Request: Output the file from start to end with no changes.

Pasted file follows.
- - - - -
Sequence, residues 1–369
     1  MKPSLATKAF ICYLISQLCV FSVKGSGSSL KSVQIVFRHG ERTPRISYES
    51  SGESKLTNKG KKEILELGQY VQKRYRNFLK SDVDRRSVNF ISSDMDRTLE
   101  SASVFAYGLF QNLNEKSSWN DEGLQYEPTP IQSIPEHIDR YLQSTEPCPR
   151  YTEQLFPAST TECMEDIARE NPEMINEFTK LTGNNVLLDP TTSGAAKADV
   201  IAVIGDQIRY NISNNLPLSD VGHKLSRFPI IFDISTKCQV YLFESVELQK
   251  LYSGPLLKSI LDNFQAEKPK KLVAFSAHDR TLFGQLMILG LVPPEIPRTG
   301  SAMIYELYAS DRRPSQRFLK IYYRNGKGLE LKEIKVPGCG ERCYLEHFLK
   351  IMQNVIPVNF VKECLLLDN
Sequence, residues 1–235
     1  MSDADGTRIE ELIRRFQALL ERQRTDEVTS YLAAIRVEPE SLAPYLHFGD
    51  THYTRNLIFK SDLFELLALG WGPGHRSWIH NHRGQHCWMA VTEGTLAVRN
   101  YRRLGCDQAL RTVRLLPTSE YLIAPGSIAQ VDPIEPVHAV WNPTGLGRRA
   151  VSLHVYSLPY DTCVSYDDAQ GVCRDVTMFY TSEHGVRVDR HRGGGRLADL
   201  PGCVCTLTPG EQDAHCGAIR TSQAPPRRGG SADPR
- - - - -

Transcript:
Sequence, residues 1–369
     1  MKPSLATKAF ICYLISQLCV FSVKGSGSSL KSVQIVFRHG ERTPRISYES
    51  SGESKLTNKG KKEILELGQY VQKRYRNFLK SDVDRRSVNF ISSDMDRTLE
   101  SASVFAYGLF QNLNEKSSWN DEGLQYEPTP IQSIPEHIDR YLQSTEPCPR
   151  YTEQLFPAST TECMEDIARE NPEMINEFTK LTGNNVLLDP TTSGAAKADV
   201  IAVIGDQIRY NISNNLPLSD VGHKLSRFPI IFDISTKCQV YLFESVELQK
   251  LYSGPLLKSI LDNFQAEKPK KLVAFSAHDR TLFGQLMILG LVPPEIPRTG
   301  SAMIYELYAS DRRPSQRFLK IYYRNGKGLE LKEIKVPGCG ERCYLEHFLK
   351  IMQNVIPVNF VKECLLLDN
Sequence, residues 1–235
     1  MSDADGTRIE ELIRRFQALL ERQRTDEVTS YLAAIRVEPE SLAPYLHFGD
    51  THYTRNLIFK SDLFELLALG WGPGHRSWIH NHRGQHCWMA VTEGTLAVRN
   101  YRRLGCDQAL RTVRLLPTSE YLIAPGSIAQ VDPIEPVHAV WNPTGLGRRA
   151  VSLHVYSLPY DTCVSYDDAQ GVCRDVTMFY TSEHGVRVDR HRGGGRLADL
   201  PGCVCTLTPG EQDAHCGAIR TSQAPPRRGG SADPR